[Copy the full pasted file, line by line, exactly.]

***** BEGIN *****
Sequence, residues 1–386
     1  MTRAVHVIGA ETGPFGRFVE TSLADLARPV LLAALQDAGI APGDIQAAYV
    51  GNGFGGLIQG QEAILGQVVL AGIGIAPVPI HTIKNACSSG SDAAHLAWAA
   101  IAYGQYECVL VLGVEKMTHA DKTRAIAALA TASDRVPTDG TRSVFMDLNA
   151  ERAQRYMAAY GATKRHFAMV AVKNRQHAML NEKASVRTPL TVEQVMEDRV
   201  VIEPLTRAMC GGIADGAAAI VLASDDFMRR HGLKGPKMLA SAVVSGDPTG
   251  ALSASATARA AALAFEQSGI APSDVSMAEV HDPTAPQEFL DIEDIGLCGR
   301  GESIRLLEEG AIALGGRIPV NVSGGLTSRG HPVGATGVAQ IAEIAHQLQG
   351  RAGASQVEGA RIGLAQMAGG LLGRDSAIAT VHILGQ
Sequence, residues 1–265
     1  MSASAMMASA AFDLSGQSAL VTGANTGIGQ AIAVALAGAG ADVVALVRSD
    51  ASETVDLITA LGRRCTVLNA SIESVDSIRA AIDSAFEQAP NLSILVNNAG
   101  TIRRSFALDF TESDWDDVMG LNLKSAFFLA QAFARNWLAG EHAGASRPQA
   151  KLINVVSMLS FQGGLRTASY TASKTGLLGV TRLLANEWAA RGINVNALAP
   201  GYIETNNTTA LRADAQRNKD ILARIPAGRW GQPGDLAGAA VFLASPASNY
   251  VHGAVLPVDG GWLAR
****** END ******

Sequence, residues 1–386
     1  MTRAVHVIGA ETGPFGRFVE TSLADLARPV LLAALQDAGI APGDIQAAYV
    51  GNGFGGLIQG QEAILGQVVL AGIGIAPVPI HTIKNACSSG SDAAHLAWAA
   101  IAYGQYECVL VLGVEKMTHA DKTRAIAALA TASDRVPTDG TRSVFMDLNA
   151  ERAQRYMAAY GATKRHFAMV AVKNRQHAML NEKASVRTPL TVEQVMEDRV
   201  VIEPLTRAMC GGIADGAAAI VLASDDFMRR HGLKGPKMLA SAVVSGDPTG
   251  ALSASATARA AALAFEQSGI APSDVSMAEV HDPTAPQEFL DIEDIGLCGR
   301  GESIRLLEEG AIALGGRIPV NVSGGLTSRG HPVGATGVAQ IAEIAHQLQG
   351  RAGASQVEGA RIGLAQMAGG LLGRDSAIAT VHILGQ
Sequence, residues 1–265
     1  MSASAMMASA AFDLSGQSAL VTGANTGIGQ AIAVALAGAG ADVVALVRSD
    51  ASETVDLITA LGRRCTVLNA SIESVDSIRA AIDSAFEQAP NLSILVNNAG
   101  TIRRSFALDF TESDWDDVMG LNLKSAFFLA QAFARNWLAG EHAGASRPQA
   151  KLINVVSMLS FQGGLRTASY TASKTGLLGV TRLLANEWAA RGINVNALAP
   201  GYIETNNTTA LRADAQRNKD ILARIPAGRW GQPGDLAGAA VFLASPASNY
   251  VHGAVLPVDG GWLAR